Review: Magic Claims (Kate Daniels : Wilmington Years #2) by Ilona Andrews
New town, new friends, new challenges…. And a new heart-stopping adventure from #1 New York Times bestselling author, Ilona Andrews. Kate, Curran, and Conlan may have left Atlanta for Wilmington, but the usual magic mayhem has also hitched a ride!
Kate and Curran have just settled into their new home and their ‘low prolife,’ when a local businessman approaches them with an offer they can’t refuse. A mysterious evil has spawned in the nearby forest and is holding a defenseless town hostage. The ‘due date’ is rapidly approaching.
It’s exactly the kind of fight the Lennarts can’t resist, not for the prize the town offers, but for the people who will surely die if they ignore it. If they succeed, they’ll be rescuing an entire community and can build a strong new base for their family and the Wilmington Pack. If they fail…well, fail is a four-letter word. Nothing comes without a price. Now Kate must decide if she has what it takes to pay it.
Dear Ilona Andrews,
I preordered this book, of course, and I remembered that it was coming out in June, but I did not remember the day so when I saw it appear on my kindle, I had to start reading as soon as I could find just a little bit of time (which was almost right away actually :)) and finished the book next day.
If you read the first novella in this sequel Kate Daniels series, you know that Kate and Curran’s quiet life may be coming to an end. And in this book both of them were honest enough to acknowledge that all the danger notwithstanding they kind of missed it. The authors very much raised the stakes in this book because the evil that threatens the small town is VERY evil, the kind of evil that wants human sacrifices in order to leave the town alone and I think even casual readers of fantasy know that evil that gets a hold of you in that way or similar way will never really leave you alone.
Ned, a very wealthy man who has personal stake in freeing the people who live in the town from the necessity of choosing a human sacrifice every year, comes to Kate and Curran and asks them to get involved. Neither of them can say no, mostly because the stakes are so high, and neither of them can sit still and let the innocents die. As a payment for their services, Ned promises Curran a huge piece of land and forest which Curran can play with as he wants to – and Curran does want that land – but again, this is just a nice bonus and not the main reason why Kate and Curran decide to get involved.
I loved that the shapeshifters whom we met in the first novella returned, and some new ones as well, and they were getting more and more interesting. It does look like we will get a chance to learn more about them. Owen the werebison was such a hoot for example, and I can’t wait to see him developing more as a character in each new story (no matter how many new Wilmington Years books we will get a chance to read).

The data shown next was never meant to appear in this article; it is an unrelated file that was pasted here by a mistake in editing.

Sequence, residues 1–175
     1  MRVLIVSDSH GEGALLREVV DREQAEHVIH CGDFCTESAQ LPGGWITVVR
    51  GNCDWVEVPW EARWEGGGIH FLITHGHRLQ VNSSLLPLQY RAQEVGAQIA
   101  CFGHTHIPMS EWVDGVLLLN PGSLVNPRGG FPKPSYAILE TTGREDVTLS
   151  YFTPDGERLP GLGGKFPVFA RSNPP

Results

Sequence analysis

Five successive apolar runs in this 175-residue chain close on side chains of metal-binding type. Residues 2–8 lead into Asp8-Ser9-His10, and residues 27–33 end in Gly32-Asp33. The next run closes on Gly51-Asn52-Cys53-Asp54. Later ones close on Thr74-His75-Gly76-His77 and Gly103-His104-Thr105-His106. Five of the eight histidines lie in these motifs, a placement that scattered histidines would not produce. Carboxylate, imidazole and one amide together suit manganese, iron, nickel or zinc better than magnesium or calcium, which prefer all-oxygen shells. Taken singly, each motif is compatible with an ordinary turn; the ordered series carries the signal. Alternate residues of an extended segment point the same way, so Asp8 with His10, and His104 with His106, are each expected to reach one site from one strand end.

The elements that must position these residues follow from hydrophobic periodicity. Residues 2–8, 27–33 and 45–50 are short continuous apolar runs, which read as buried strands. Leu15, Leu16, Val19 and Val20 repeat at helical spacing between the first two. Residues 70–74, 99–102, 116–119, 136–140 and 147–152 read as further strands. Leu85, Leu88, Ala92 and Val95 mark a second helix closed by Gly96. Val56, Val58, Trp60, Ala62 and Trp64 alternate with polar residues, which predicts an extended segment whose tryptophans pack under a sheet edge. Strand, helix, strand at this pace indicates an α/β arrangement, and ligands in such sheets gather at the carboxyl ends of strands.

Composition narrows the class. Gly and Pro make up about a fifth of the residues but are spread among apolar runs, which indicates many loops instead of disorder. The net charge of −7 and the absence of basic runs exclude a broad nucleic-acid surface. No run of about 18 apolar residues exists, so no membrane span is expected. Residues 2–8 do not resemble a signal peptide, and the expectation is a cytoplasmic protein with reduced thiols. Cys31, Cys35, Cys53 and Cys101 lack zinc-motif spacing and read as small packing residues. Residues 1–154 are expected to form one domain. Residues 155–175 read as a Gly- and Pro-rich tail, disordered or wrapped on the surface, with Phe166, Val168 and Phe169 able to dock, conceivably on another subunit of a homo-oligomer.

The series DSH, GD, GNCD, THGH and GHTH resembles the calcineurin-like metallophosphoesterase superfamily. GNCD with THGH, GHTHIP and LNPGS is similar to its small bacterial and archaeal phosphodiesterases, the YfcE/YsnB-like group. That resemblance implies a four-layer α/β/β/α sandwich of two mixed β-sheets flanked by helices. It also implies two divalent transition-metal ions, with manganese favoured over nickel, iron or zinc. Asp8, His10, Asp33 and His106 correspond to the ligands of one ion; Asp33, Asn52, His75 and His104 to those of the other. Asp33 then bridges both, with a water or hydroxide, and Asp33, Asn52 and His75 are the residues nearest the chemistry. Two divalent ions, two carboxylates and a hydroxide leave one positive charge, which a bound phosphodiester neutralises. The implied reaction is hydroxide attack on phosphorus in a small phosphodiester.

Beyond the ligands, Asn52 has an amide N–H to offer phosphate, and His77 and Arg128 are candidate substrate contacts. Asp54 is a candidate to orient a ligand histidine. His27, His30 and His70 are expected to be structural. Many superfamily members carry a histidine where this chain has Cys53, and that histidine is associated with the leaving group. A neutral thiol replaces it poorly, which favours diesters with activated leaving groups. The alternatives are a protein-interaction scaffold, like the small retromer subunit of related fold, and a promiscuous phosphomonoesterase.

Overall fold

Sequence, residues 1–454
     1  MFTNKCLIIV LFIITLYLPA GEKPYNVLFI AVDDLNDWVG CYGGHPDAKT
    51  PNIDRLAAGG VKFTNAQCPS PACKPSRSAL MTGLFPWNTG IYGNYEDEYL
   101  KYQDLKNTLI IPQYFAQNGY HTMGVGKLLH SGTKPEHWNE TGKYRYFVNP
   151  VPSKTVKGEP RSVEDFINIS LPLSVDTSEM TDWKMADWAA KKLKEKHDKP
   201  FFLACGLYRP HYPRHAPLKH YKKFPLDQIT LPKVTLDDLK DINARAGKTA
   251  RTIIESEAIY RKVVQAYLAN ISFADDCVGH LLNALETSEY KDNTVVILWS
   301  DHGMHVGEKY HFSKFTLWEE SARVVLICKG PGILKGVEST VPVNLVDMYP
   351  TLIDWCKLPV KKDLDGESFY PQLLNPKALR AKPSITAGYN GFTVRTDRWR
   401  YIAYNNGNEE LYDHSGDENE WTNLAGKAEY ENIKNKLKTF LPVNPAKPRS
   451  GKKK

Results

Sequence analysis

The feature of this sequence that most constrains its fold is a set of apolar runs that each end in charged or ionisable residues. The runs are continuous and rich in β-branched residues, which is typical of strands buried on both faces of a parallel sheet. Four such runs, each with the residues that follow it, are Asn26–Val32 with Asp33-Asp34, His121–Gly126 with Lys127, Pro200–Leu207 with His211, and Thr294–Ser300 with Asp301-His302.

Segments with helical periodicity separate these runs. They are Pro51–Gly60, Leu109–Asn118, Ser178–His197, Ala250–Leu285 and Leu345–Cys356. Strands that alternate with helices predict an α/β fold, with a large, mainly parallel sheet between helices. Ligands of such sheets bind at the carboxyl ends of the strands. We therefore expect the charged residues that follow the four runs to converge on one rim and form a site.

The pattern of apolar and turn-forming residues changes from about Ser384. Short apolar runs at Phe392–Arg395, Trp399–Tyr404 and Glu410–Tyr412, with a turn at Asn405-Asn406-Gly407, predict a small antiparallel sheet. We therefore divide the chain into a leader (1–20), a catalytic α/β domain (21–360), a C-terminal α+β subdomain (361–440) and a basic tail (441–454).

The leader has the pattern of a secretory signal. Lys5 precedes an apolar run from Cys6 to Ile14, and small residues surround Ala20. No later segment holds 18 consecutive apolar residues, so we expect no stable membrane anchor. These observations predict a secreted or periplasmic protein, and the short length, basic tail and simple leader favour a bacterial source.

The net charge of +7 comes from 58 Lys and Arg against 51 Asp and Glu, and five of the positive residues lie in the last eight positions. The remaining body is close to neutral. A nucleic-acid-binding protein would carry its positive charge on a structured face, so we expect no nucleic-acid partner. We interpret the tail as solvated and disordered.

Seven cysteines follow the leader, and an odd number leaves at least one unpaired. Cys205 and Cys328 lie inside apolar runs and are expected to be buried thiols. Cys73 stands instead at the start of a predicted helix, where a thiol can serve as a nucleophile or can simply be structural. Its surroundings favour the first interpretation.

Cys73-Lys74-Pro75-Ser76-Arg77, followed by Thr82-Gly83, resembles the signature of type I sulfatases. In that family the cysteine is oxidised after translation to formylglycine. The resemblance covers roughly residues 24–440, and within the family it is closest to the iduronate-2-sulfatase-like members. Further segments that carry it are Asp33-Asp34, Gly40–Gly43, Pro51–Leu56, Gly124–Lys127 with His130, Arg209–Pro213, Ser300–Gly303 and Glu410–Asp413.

As I said before, the stakes were raised significantly in this book in comparison to the first one. No, I was not really worried about Kate or Curran dying because the books are not done yet, but the mood was just so intense and kind of grim and I thought it was very well done how they managed to maintain the tension. Barring Kate and Curran’s deaths I just was not sure what will happen. Of course I knew that this writing duo loves to play with different mythologies in their book, but there are so many of those that I just could not make any predictions.
The stakes were also raised because the Lenarts had to make the difficult decisions about possibly exposing themselves to the world and that would mean that more dangerous people may want to come and fight them in the future, but as I said above and as blurb states this was not a fight that they felt they could refuse and I was glad they decided to get involved.
As much as parts of the book were grim, the Andrews do humor that works for me and which I always enjoyed even in their darker work and this book sure delivered for this reader. If you enjoy their humor keep an eye for a dancing vampire for example. It made me not just smile but giggle hard and I loved it and did not think it was out of place at all.
I enjoyed the first novella, but thought that this was a much tighter one in all aspects – the fighting danger, the development of the new pack (no matter what form it will take in the future books), the interactions between Kate and Curran. Contrary to the first novella, here they for the most part fight together or at the very least they are close enough to each other when the events take place so they interact a lot and I loved every minute of it, them as husband and wife or warriors or both. I also loved that they interacted with Conlan more, it was fun. A-